We monitor the GBP rate to see how much of the returns are coming from underlying equity valuation increases and movements in the currency, to see if we should be locking in the gains and hedging the risks. We have changed our 12-month expected range for sterling across the US Dollar, Euro and Japanese Yen. This is to reflect a stronger pound, following Brexit, and less negative risk due to the UK economic data stabilising, and therefore uncertainty risk is dropping off. As Brexit matures, we expect Sterling to weaken over the coming months as negotiations set off and both sides prevaricate, then reappreciate towards year end to roughly where we are now or slightly higher.
Sterling dropped when interest rates rose in the UK on Thursday last week and dropped from 1.324 to 1.305. When interest rates rise, this indicates economic strength and there is usually strong correlation to the domain currency, however in this case the currency dropped due to the expectations and the uncertainties in the market. This week, Sterling has rebounded slightly after its biggest one-day fall since the week after June 2016’s Brexit vote. Despite the Bank raising rates for the first time in over a decade, it also told markets to expect only two further hikes in the next three years. Sterling will continue to struggle until we see the results from the fresh Brexit meetings in Brussels tomorrow and on Friday.
GBP / USD – Range 1.32 – 1.20 – Today at 1.30922
GBP / EUR – Range 1.15 – 1.04 – Today at 1.1292
GBP / JPY – Range 150 – 130 – Today at 148.692
We monitor the oil price as it is a strong indicator of global consumption when balancing the output and storage data. Strong supply and usage denotes a strong global economy. Opposite reflects underlying weaknesses.
The price of oil over the past week has increased sharply. At the time of writing, WTI Crude is currently trading at $57.04 and $63.46 for Brent, up approx. 5% for WTI and Brent. Oil prices have steadied this week as Chinese crude imports fell to a one-year low, but losses were offset by investor caution over rising political tensions in the Middle East. Brent crude hit $64.65 earlier this week, its highest since mid-2015, as political tensions in the Middle East escalated after a sweeping anti-corruption purge in top crude exporter Saudi Arabia, which in turn has confronted Iran over the conflict in Yemen.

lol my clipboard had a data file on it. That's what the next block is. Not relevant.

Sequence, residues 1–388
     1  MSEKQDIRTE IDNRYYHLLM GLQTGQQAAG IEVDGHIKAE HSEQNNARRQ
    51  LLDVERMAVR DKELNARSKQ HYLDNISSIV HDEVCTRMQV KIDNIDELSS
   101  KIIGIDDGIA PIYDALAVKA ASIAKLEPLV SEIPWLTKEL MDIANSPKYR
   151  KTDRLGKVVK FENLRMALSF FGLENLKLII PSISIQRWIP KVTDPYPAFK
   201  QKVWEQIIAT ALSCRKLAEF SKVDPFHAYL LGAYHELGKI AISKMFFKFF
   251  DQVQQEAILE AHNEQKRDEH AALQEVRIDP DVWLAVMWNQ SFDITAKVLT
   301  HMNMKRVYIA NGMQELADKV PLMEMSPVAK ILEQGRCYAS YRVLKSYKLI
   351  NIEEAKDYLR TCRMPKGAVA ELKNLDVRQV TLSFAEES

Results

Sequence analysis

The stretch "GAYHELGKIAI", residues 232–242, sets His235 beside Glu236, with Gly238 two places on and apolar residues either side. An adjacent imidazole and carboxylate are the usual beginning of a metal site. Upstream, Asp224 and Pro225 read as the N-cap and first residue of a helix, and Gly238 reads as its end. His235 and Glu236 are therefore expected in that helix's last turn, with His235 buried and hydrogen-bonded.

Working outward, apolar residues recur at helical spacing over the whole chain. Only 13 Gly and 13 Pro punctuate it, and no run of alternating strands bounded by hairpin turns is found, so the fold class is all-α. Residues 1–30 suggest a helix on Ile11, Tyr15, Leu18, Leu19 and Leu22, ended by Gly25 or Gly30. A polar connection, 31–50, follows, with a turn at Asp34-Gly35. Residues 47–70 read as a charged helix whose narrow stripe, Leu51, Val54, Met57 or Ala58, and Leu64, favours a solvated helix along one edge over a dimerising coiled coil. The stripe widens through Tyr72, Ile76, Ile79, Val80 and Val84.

Gold is a safe haven and a spike in price can be an indicator of increasing underlying economic concerns and as always, the opposite.
Over the past week, we have seen the price of gold increase approx. $15 an ounce to $1,280.45 a troy ounce. By looking at gold, it’s fair to suggest that investors are cautious, but still looking at the safe haven asset as a refuge if and when markets will tumble.
Model Portfolios & Indices
Over the last week we have seen most of the indices that we track improve with most of the gains being fed through from the US and benefitting Asia. The Dow Jones, S&P 500 and the NASDAQ have all reach record highs and they are showing no signs of slowing down. From a correlation perspective, our portfolios have benefitted from this and are showing signs of resilience in the current market conditions, considering the high risks. Nevertheless, we will continue to keep a close eye on the barometers to see when we may reach the point when the data starts to turn, but momentum is driving equities higher. With our portfolios, we are taking a balanced approach with the underlying asset allocation and will continue to, until we gain some further view and direction on the markets.
The value of investments may fluctuate in price or value and you may get back less than the amount originally invested. Past performance is not a guarantee of future performance. Performance figures quoted include the fund manager charges but exclude other fees such as adviser, custodian, switch and/or discretionary investment management fees. Unless otherwise instructed and accrued, income is reinvested into the portfolio.
This Day in History
It has been exactly one year since Republican Donald Trump was elected President of The United States of America, defeating democrat Hillary Clinton despite Clinton receiving 2.9 million more votes. Since this monumental event, the US equities market has rallied with the Dow Jones going from approx. 18,000 points to 23,500 points, the S&P 500 climbed from 2,100 points to 2,590 points (up 20%) and the Russel 2000 has climbed from 1,200 points to 1,470 points.
As always have a wonderful week and stay safe.
Jason Stather-Lodge CFP, MCSI, APFS
CEO & Founder
Chartered & Certified Financial Planner
Chartered Wealth Manager